How to Set Up a GPU-Enabled TensorFlow Instance on AWS

by Evheny ShaliovJanuary 28, 2016
This step-by-step tutorial explains how to create an instance, configure the environment, run a sample, and use TensorBoard.

Recently, Google announced the open-source release of its second-generation machine learning system, TensorFlow. Originally developed by the Google Brain Team, the library is used for numerical computations expressed as data flow graphs.

TensorFlow supports deployment to one or more CPUs or GPUs in a single machine. In this tutorial, we provide step-by-step instructions for installing the GPU version of TensorFlow on Amazon Elastic Compute Cloud.


Installation options

Until now, the primary option for configuring GPU-enabled TensorFlow on AWS was to use Amazon Linux AMI with NVIDIA GRID GPU Driver and follow the steps of this tutorial. However, it might take a day or two before you get access to all necessary NVIDIA libraries and set up the image.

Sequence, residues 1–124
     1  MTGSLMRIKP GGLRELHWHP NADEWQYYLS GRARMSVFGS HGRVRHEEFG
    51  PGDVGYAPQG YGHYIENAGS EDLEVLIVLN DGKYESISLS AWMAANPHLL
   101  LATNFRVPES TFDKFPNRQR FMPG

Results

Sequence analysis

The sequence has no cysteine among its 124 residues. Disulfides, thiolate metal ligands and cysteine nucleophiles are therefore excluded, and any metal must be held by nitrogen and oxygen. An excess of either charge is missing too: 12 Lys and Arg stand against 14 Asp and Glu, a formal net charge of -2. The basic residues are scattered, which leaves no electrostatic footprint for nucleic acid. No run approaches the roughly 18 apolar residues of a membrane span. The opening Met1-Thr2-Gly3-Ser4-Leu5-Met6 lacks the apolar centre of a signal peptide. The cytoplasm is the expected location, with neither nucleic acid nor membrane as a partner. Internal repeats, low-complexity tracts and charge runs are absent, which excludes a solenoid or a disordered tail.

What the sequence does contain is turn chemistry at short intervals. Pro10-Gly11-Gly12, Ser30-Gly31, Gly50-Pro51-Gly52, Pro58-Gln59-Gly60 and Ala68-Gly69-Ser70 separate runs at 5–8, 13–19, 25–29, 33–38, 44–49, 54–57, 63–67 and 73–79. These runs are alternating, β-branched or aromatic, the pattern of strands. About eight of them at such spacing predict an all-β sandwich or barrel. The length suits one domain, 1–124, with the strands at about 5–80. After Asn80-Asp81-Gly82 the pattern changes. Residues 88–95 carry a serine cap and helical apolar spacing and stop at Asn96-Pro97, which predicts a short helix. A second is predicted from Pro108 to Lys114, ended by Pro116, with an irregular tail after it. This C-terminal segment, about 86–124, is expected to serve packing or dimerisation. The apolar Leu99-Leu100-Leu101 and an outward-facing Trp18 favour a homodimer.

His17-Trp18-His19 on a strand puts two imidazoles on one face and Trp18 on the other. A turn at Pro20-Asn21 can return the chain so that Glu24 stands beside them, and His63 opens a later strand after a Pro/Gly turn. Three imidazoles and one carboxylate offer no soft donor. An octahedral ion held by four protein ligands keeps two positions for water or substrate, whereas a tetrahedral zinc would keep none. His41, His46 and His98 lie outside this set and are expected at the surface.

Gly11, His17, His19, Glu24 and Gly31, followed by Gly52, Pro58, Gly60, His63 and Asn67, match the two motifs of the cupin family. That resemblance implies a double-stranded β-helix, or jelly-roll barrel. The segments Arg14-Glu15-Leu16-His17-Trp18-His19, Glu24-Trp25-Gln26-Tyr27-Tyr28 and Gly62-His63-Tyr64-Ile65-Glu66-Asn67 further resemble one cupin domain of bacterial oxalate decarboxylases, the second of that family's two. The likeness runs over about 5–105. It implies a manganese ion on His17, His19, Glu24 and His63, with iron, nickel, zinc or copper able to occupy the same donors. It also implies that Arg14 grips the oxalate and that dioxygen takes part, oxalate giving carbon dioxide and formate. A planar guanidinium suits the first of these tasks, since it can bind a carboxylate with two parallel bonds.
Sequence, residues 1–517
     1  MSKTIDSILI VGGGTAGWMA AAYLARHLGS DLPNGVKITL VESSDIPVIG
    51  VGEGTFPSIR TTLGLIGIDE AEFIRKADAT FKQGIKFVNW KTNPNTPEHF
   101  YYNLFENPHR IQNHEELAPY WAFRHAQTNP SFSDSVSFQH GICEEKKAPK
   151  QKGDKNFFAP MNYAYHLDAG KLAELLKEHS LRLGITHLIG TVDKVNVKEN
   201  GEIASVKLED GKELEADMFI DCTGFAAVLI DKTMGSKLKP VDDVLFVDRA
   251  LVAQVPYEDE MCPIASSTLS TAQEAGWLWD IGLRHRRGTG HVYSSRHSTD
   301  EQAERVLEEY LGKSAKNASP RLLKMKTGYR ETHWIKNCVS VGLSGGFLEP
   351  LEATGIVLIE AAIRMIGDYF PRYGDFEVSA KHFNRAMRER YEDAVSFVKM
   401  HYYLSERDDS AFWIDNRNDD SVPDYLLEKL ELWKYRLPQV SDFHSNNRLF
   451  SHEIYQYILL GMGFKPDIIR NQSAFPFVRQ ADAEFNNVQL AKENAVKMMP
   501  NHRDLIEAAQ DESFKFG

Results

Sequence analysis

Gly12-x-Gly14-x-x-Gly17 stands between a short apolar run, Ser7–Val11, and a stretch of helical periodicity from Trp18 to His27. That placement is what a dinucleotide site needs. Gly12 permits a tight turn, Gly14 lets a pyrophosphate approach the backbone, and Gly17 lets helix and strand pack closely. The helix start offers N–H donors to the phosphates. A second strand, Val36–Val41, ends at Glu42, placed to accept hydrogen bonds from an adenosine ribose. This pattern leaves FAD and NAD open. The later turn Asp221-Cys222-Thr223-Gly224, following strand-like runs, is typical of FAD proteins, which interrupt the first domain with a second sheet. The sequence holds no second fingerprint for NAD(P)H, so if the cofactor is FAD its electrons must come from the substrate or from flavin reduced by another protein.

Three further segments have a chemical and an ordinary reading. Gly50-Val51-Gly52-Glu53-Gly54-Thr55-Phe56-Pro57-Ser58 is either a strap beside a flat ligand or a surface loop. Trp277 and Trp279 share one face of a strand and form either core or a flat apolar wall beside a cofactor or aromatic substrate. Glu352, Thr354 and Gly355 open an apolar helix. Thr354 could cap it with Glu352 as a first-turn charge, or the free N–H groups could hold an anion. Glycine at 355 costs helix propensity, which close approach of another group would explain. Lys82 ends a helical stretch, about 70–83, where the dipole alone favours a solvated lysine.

To avoid the hassle, we have created an Amazon AMI that minimizes efforts needed to configure the environment and provides users with GPU-enabled TensorFlow on AWS right away.

Nevertheless, if manual configuration is a preferred method for you, follow the instructions below.


Creating an instance on AWS

  1. Select the Amazon Machine Image (AMI) named Amazon Linux AMI with NVIDIA GRID GPU Driver.
  2. Choose the instance type. We use g2.2xlarge with 16 GB of SSD.
  3. Configure a security group and add port 6006 to open inbound ports.
  4. Configure other instance details and launch the instance.
  5. Generate (or reuse) authenticators to access the instance.


Configuring an environment

  1. Log in to the remote instance via SSH with the default username—ec2-user.
  2. Check the availability of Python 2.7, pip, and CUDA on the instance. Commands:
    • python –version
    • pip –version
    • nvcc –version


    The chosen AMI contains:

    • Python 2.7.10
    • pip 6.1.1
    • CUDA 6.5.12


  3. Install the CUDA Toolkit 7.0 (7.5 is not valid):